The Walker County Commissioners once again chose to remain mute on the question of the Confederate patriots monument on the square.
They have gotten an earful from a fair number of citizens, the majority of which have argued for removal of the memorial. Why the inertia on the part of the Court to make a decision? True, no decision is a decision. Is that what the Court intends?
Practically speaking, this is not a real difficult issue to resolve. We are not talking about renaming a street, as is the case in Houston and other cities. No one’s address will be affected. Cost is not an issue, since this block of stone isn’t much more than waist-high, if that. It’s not a statue of anyone, whose descendants might object to it being removed. In fact, there are no names on it, just an organization. It does not mark a specific historical event, but lumps nameless “patriots” together in a timeframe encompassed by the Civil War. At that, one must admit that “Confederate patriot” is something of an oxymoron.
“Patriot” is defined as a person who loves, supports, and defends his or her country and its interests with devotion. To be considered a patriot on this continent these days, one must be a citizen of the United States of America or Canada. Yes, the Confederate States of America was a “country” for a few years, and those who supported her were patriots to her cause, but they also were rebels to the country that gave them birth. Some say “traitors.”
Admittedly, it has been so much easier to revere the South, with its dashing generals like Lee, Stuart, and Longstreet. The North was stuck with generals who were reluctant to fight, until Lincoln found Grant. The South was always the underdog, with noble agrarian traditions and chivalry. My mother loved the Confederate south and Robert E. Lee. As a kid, I knew the name of Lee’s horse, had his biography. Who knew the name of Grant’s horse? Or cared?
As a student of history I learned early on that history teaches us nothing. It’s historians who teach us, as they write and interpret history that influences generations. The Confederacy, for a losing cause, had a good run for a long time among historians. But history is constantly being reviewed and rewritten. Historians, like anyone else, are products of their time and influenced by their culture. They do not write in a vacuum. Nor is all history ever available to the historian, only recorded history and such artifacts as remain.
So we find ourselves in a time of revision. We see in the cold light of today that the Confederacy was not all noble and chivalrous. The CSA stood in the way of America becoming the nation it was destined to be, a world power capable of defeating fascism and imperialism, and outlasting the threat of world communism. And not to be overlooked, the CSA championed the cause of involuntary servitude – slavery; states rights and freedom from economic suppression by the North yes, but slavery nonetheless.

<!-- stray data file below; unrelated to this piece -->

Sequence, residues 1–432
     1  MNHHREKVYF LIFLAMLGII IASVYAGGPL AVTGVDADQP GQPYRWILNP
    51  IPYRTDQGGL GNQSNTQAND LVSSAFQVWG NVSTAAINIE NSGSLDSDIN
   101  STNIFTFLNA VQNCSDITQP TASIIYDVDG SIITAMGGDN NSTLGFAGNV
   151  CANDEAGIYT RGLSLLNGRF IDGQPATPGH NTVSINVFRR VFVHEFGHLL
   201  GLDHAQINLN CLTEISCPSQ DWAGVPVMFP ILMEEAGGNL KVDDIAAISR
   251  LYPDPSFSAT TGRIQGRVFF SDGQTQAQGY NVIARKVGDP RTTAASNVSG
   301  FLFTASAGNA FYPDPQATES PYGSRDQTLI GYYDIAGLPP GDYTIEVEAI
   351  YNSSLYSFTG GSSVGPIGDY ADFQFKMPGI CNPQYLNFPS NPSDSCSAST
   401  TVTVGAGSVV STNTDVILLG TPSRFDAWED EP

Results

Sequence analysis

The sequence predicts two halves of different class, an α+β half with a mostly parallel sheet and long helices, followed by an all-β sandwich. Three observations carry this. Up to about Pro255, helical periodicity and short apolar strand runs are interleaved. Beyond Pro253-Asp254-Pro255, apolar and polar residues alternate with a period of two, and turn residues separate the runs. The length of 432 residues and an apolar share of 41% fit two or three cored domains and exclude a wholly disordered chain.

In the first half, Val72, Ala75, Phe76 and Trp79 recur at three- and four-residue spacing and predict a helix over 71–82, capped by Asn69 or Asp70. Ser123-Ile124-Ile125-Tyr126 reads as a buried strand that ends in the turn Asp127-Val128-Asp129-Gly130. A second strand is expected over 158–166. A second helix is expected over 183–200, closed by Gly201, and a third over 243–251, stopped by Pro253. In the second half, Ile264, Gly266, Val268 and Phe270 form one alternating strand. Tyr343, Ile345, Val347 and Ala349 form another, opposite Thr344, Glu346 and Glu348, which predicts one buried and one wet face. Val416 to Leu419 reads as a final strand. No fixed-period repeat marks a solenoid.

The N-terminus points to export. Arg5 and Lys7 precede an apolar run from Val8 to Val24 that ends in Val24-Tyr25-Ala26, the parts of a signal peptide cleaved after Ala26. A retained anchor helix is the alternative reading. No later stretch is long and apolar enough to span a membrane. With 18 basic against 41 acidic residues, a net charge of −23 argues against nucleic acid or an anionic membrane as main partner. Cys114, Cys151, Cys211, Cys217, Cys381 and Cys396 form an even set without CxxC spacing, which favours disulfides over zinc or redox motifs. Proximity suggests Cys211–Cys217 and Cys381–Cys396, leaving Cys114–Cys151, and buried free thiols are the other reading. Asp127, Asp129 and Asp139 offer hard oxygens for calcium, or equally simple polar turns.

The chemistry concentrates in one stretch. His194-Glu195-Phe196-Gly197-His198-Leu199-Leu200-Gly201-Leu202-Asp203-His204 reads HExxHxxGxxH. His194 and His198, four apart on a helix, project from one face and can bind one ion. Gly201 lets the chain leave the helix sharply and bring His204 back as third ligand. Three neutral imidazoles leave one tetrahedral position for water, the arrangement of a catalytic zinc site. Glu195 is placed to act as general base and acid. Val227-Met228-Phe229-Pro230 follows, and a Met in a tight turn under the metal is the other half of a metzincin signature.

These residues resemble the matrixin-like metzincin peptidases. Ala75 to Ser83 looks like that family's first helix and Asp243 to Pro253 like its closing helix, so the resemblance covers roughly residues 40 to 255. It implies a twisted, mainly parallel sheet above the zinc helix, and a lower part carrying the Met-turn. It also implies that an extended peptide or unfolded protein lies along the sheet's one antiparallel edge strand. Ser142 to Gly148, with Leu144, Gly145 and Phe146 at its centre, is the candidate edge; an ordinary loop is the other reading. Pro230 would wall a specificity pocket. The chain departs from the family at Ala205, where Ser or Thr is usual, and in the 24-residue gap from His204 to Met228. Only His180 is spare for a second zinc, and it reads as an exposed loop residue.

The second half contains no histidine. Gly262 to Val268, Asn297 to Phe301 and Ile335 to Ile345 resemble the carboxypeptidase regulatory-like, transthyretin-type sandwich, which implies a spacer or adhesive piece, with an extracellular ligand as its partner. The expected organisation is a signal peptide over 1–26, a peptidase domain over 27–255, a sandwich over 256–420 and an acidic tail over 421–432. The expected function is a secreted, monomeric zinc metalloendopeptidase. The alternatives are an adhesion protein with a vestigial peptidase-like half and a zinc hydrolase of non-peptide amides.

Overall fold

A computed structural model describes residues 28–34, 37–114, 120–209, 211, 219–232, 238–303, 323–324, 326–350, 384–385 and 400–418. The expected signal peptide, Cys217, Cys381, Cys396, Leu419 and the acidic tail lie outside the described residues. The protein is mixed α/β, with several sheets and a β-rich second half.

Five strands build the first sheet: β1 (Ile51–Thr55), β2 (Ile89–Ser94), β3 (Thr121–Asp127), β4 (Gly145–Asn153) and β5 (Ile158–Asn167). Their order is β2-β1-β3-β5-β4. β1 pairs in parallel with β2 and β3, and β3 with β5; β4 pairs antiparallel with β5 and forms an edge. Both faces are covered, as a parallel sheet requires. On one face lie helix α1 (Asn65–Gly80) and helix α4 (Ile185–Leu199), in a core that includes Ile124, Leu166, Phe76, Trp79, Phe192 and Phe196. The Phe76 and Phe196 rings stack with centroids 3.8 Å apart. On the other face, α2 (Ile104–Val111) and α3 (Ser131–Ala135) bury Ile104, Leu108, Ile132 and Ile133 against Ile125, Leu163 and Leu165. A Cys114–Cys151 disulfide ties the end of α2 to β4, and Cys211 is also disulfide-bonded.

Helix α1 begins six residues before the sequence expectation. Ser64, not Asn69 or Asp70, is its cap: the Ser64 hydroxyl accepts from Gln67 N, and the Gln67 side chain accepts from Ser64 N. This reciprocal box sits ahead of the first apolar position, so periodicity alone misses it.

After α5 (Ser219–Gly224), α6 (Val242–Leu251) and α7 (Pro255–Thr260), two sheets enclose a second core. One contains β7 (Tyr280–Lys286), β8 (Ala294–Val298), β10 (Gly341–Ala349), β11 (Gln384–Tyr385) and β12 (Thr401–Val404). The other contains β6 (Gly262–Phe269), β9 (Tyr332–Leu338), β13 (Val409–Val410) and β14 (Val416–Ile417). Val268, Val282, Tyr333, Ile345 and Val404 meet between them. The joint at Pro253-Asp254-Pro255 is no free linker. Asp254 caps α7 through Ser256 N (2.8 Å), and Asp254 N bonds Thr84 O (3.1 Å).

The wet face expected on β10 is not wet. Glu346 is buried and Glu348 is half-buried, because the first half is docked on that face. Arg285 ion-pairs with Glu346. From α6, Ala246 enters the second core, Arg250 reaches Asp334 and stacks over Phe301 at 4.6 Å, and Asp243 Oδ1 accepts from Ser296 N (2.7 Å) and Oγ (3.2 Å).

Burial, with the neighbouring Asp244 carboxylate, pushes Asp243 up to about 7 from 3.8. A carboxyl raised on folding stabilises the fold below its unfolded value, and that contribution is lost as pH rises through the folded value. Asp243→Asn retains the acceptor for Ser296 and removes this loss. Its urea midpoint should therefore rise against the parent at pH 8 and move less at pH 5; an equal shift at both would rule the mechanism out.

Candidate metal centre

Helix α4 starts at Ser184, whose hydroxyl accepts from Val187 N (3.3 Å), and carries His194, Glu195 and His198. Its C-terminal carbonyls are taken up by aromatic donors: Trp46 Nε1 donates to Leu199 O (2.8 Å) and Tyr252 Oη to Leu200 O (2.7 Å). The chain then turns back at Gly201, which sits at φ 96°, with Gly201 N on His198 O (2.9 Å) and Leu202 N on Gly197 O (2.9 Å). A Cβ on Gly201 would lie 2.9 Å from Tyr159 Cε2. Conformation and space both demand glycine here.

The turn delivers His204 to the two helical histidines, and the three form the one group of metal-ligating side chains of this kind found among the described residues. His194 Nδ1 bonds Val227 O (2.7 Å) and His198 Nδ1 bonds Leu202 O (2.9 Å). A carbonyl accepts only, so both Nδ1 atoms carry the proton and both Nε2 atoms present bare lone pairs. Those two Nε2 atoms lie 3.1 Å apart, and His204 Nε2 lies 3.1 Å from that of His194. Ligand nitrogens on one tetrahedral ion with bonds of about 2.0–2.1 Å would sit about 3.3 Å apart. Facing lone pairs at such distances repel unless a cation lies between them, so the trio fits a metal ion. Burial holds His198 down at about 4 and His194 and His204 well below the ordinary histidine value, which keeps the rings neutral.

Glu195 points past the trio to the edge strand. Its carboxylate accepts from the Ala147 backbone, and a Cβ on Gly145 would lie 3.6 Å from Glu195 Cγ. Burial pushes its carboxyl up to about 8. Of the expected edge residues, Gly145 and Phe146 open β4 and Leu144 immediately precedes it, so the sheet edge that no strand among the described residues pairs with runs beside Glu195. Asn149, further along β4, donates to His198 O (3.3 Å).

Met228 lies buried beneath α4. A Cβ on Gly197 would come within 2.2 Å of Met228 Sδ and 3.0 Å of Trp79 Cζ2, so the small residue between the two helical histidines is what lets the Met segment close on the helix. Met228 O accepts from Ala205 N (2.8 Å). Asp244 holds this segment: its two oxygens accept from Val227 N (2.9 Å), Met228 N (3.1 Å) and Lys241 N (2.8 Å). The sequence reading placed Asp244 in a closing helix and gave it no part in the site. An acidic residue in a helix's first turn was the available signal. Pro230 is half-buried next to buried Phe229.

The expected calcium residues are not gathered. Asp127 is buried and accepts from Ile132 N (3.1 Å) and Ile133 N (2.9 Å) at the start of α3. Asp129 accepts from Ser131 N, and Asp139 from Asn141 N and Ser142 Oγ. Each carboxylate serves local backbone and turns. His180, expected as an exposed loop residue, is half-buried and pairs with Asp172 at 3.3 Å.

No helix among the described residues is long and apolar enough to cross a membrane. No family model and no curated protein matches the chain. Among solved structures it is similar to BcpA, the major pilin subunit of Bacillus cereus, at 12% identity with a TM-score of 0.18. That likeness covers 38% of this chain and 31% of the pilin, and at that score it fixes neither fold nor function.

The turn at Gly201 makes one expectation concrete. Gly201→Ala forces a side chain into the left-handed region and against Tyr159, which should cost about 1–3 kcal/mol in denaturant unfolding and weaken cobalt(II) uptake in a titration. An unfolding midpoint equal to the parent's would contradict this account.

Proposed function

Inextricably intertwined with the Old South is the issue of slavery. The extension of slavery has been perpetuated in Jim Crow laws, “separate but equal” court rulings, lynchings, segregation, and nonviolent civil rights protests quelled with fire hoses and police dogs. That history is very real to the minority of our population which has felt it first-hand. While some may think all that is behind us, it is clearly not to others.
And so we find ourselves rethinking what is truly important about our country. Most would agree that 600,000+ lives lost in a brother-against-brother conflagration was a horrendous and regrettable event, and that the losers, however altruistic they might have been, are not the ones we want to be celebrating today. That’s different than what many of us learned in school and college. It goes against the 20th century entertainment industry’s nostalgic recollections of the past. This doesn’t mean we have to stop watching reruns of The Rebel on TV or proscribe watching Gone with The Wind. It does mean that we entertain the serious notion that many of us have been celebrating something worthy only of remembrance, not celebration.
Our commissioners are reasonable, level-headed men. They have listened patiently to the appeals for removal of the monument. Removal is the key word. Not destruction but removal from public grounds and public view. Removal from the implication that the Stars and Bars and the Confederate cause are somehow still endorsed by our county government. Removal of any possibility that Walker County looks back on the “good old days” of segregation with nostalgia. As a majority of the court are church-going men, it might be good to recall the New Testament admonition “And if thy right hand offend thee, cut it off, and cast it from thee.” The monument is indeed offensive and needs to be severed from our county. Times have changed.
Clearly a monument honoring a time and culture when slavery was deemed appropriate is offensive to many in our county. In the case at hand, it costs us nothing to be considerate of others. Commissioners, please heed the people who have stepped up, put an end to this debate, and find another resting place for this historical anachronism.
Gene Blair has been a resident of Huntsville for 40 years. He is retired from the Criminal Justice Center at SHSU, and is also retired from the U.S. Army. He is a director on the executive board of CASA of Walker, San Jacinto, and Trinity counties.